When incompatible unit types come together, the units have to be rendered out and then reapplied. In my opinion, this makes for an ugly document, but these changes become quite apparent for all to understand.

Mathematics and operators in math blocks

Most algebraic mathematics that I can think of off-hand are present, as well as calculus, logic, and matrices. This is where the rubber meets the road, and where Express is lacking. Items like iterative solver blocks are locked until he product is registered.

Calculations involving matrices is both amazing when the system is with you, and utterly painful when it is not; this is largely due to my inexperience with the software. Matrices and lists are divided into two categories, vectors and range variables. Knowing which is used in which situation still remains a mystery to me. I have however learned enough to get by in a case-by-case basis.

Matrices can be dimensioned ahead of time, but Mathcad will dimension variables into matrices on-the-fly where needed. For example, the exit velocity of the stream is calculated from single variables and 1X6 element arrays. The new resulting variable is alutomatically created as a 1X6 matrix to accommodate the straight multiplication.

Matrices and lists can be visibly compressed by dragging their ends up and down save space, or to limit terrifying redundancy where it is not needed.

Subscripts and indexes

These can seem a bit perplexing:

• Subscripts – more characters to use as identification, differentiating mass flow of air “mdota”, from the mass flow of fuel “mdotf”.
• Indexes – index lookups within variables. These look like subscripts, but applied differently, so that Mathcad knows the difference between a variable with a subscript vs. an index of an array. Users can add indexes under subscripts as well. Another example of this is shown in the plots section following.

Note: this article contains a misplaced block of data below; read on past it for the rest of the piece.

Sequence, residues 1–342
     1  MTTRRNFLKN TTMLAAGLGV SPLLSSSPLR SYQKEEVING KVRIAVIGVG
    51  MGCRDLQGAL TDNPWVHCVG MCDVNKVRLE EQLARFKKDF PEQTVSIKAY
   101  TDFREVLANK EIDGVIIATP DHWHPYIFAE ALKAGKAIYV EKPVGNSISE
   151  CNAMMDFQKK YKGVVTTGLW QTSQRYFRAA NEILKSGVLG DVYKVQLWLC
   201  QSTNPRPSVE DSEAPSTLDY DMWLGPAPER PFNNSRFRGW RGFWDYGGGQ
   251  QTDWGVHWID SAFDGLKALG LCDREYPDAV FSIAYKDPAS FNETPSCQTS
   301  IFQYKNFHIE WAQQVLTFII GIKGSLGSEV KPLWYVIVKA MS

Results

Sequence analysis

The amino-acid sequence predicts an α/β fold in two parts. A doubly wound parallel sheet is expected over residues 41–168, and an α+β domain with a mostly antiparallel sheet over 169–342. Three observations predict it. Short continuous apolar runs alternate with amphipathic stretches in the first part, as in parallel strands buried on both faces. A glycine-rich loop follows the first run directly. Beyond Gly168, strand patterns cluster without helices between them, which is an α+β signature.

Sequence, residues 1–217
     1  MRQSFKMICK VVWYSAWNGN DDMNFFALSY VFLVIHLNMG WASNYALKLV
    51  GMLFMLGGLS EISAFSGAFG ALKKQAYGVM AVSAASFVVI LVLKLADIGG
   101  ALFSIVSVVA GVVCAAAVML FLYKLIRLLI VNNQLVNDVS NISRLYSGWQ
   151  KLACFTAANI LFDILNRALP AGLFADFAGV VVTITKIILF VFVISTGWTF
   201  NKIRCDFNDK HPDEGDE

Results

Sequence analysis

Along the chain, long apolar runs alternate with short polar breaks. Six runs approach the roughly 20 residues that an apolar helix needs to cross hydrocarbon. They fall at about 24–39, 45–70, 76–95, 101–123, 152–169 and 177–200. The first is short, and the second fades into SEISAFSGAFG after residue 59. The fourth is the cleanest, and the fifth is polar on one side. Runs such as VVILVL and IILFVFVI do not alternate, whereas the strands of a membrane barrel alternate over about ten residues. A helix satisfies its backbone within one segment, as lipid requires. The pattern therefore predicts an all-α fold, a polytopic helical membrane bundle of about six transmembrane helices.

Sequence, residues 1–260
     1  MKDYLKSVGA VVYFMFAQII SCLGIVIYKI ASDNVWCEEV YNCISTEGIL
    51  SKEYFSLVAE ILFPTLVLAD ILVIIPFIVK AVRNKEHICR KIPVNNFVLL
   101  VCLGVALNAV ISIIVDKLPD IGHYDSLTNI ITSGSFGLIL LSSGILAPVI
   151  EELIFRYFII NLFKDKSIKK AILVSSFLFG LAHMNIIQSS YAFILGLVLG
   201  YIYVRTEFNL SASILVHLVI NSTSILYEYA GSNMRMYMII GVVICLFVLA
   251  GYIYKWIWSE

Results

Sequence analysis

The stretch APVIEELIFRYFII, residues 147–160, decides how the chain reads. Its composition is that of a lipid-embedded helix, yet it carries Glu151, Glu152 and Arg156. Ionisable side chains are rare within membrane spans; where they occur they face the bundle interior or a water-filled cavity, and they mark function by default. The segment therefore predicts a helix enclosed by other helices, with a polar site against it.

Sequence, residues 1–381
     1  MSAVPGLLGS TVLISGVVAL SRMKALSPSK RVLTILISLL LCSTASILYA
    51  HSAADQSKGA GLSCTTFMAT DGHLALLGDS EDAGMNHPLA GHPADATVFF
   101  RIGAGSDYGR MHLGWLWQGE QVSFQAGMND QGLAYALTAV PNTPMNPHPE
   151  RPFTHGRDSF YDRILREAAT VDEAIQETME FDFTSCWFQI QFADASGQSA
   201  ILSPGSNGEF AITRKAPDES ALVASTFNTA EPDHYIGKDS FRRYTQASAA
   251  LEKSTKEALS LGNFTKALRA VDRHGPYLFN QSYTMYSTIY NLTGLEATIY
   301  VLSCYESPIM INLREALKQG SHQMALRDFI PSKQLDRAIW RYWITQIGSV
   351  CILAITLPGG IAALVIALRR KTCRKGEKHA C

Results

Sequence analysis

# Plots and graphing

Plots are a letdown. They are basic at best, and after much reading, learned that most of the advanced functionality and formatting was left behind in v15. The company assured users back before v3.0 that the improvements were coming, however in 3.1 they are still not there.

Adding variables is simple enough. Simply add a trace; the software will drop a placeholder in on the plot for users to enter the desired variable names. Limited formatting can be applied on a trace-by-trace basis.

The image below shows 8 plot types available in the ribbon pulldown. However, the background grid is not available, the axes cannot be formatted for opposing scales, data cannot be shown on the plot, and so forth. Some plot features can be drag adjusted directly, but these are limited.

One nice feature was plotting the data from matrices. In this example, I compared thrust, velocities, Mach thresholds, and internal areas for each of an array of compressor pressure ratios. I identified the x-axis with the equation that would deliver the ratios, and the y-axis with the corresponding variable and index.

# Conclusion

Mathcad Express is a nice tool to do some mathematic documentation, and it really stands alone in that area of engineering. Discussions I had with other engineers have noted that they use it to do certain calculations that need to be documented, and as one engineer put it “I run out my calculations and when I’m completed, there is no need to document anything: the documentation is already done”. There really isn’t any other full capability software that can do this with such ease.